“If you want to see Rich alive, now’s the time.” I sucked in air as I read the text from his wife. I knew this was coming. But, I had been hoping for a miracle. I met my friend Richard Thompson at a mental health grant-writing boot camp at Cornell Medical Center almost 20 years ago. We were both young psychologists hoping to learn how to secure federal funding for our own research. Senior scientists, mainly academic psychiatrists, were presenting seven days’ worth of tips and tutorials on what the National Institutes of Health wanted in a scientifically solid and innovative proposal.
If you go strictly by the official account, heatstroke was the cause of death for University of Maryland football player Jordan McNair. McNair died earlier this year following a grueling practice in which training staff failed to properly diagnose and treat his condition. But there’s another culprit – or at least a contributing factor – that should not be overlooked.
Sara did not expect much to come from her visit to the university’s counseling center, but she was concerned enough about the dark thoughts she’d been having that she decided to go anyway. As she sat in the waiting room after turning in the patient questionnaire, she thought: “It’s probably not a big deal. I’m probably overreacting.” But she wasn’t. After reviewing her screening survey, staff at the counseling center didn’t want her to leave without speaking to a therapist.
The Trump administration recently announced plans to scrap Obama-era guidelines that encouraged universities to consider race as a factor to promote diversity on campus, claiming the guidelines “advocate policy preferences and positions beyond the requirements of the Constitution.” Some university leaders immediately went on the defense.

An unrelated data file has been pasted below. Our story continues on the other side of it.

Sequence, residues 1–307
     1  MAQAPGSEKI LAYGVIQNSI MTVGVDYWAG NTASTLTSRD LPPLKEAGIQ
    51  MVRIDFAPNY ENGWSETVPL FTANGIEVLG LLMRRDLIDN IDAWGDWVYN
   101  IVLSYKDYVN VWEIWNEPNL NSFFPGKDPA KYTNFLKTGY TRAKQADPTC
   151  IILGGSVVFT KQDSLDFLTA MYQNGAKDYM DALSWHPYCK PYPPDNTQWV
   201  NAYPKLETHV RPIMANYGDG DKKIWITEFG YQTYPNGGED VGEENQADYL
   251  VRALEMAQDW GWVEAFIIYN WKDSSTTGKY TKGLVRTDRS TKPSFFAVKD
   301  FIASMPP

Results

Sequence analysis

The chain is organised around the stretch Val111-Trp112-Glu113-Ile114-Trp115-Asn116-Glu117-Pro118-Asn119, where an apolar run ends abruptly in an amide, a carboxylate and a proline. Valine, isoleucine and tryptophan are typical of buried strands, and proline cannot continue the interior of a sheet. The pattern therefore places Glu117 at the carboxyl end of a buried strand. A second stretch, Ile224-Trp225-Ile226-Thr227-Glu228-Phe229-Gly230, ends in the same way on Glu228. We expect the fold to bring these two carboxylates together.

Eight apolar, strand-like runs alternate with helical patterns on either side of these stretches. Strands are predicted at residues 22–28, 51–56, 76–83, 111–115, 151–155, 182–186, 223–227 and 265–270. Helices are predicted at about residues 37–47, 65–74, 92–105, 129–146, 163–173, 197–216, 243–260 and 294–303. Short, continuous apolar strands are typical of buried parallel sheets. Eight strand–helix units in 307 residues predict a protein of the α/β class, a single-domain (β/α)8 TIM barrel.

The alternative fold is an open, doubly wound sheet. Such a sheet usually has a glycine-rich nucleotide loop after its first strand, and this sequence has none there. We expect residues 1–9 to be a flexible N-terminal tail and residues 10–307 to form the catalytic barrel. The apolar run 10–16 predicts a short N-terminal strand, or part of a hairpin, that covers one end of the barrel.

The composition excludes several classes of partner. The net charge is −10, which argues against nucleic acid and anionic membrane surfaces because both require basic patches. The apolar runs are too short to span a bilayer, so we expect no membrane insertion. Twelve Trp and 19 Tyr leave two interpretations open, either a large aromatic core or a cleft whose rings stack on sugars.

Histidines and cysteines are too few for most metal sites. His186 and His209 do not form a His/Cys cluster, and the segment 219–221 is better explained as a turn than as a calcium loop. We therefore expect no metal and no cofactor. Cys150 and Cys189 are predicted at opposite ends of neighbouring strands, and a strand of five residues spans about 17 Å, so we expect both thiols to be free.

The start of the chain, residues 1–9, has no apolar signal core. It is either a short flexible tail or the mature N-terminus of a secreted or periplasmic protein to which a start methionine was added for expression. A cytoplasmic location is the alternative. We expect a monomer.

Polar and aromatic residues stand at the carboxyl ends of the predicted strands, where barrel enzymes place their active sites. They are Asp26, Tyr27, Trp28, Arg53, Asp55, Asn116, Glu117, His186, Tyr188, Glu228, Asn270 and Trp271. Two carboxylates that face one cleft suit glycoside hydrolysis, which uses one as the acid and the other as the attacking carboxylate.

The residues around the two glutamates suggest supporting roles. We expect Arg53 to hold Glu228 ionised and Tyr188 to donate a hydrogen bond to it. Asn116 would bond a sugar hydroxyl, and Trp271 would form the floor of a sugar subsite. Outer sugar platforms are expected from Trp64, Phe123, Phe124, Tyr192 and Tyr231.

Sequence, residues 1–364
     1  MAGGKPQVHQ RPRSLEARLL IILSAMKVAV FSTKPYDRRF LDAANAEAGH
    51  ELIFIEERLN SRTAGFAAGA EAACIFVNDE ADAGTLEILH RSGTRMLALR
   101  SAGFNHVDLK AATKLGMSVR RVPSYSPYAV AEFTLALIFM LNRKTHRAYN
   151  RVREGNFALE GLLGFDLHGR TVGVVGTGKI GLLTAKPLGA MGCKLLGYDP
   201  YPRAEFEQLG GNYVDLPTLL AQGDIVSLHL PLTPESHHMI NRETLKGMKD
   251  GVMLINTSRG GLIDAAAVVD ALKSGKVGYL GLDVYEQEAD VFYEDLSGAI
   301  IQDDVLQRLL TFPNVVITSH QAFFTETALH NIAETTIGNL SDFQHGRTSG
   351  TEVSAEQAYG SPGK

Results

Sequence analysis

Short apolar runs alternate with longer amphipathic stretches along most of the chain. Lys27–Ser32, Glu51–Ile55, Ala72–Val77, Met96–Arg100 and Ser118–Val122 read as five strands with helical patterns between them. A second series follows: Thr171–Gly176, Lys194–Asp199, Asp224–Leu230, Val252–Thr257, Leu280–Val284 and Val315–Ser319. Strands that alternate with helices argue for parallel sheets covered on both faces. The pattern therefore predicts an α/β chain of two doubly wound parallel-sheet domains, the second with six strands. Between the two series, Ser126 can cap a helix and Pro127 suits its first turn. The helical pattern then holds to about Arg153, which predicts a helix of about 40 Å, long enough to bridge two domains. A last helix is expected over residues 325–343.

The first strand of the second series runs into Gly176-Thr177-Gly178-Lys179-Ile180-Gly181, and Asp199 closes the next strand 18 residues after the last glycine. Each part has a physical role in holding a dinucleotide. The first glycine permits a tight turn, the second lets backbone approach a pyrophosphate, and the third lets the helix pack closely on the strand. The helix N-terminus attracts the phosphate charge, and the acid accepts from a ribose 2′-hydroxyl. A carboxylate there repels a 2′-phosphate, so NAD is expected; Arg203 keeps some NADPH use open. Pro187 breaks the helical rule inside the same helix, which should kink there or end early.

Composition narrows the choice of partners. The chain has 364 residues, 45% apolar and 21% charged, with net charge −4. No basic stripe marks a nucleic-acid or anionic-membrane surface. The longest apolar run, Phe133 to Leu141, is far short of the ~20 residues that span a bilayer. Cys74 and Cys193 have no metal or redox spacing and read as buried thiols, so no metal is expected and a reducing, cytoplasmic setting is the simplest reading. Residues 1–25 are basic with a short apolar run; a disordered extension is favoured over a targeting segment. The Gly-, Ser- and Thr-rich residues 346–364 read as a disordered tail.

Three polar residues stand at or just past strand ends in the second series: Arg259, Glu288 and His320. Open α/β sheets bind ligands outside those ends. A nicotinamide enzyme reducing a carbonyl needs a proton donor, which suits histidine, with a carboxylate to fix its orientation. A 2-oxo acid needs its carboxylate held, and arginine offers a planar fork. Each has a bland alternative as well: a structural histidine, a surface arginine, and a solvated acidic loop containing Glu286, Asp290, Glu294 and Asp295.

A group of 25 interns sit at Baycrest Health Sciences, a research centre for aging in Canada, their eyes glued to their smart phones. They are playing SOS — an award-winning game that simulates real-world gerontology practice — where they compete with other students to earn virtual currency. Across town, a group of professors sit around a table at George Brown College, designing a role-playing game with a virtual hospital called The Grid, based on a Matrix-like theme of saving the world from ignorance, for an accredited program in health sciences. Yet another team of game programmers are hard at work at Humber College, building a virtual reality experience of a subway car after a bomb incident. Players wear goggles, moving from person to person, saving some and tagging others for care later on.
South Africa finally has a disability policy that’s specific to the higher education sector. The new policy framework should be celebrated as an achievement. Its value is that, because it’s specific to the sector, it gives institutions (such as universities) a common vision. It also enables monitoring and evaluation of progress that is context specific.
Guidelines for how universities should respond to student sexual assault and sexual harassment released late last week fail to address the reason so many students don’t actually report their experiences. Nor do the guidelines, released by Universities Australia, address prevention of student sexual assault and harassment.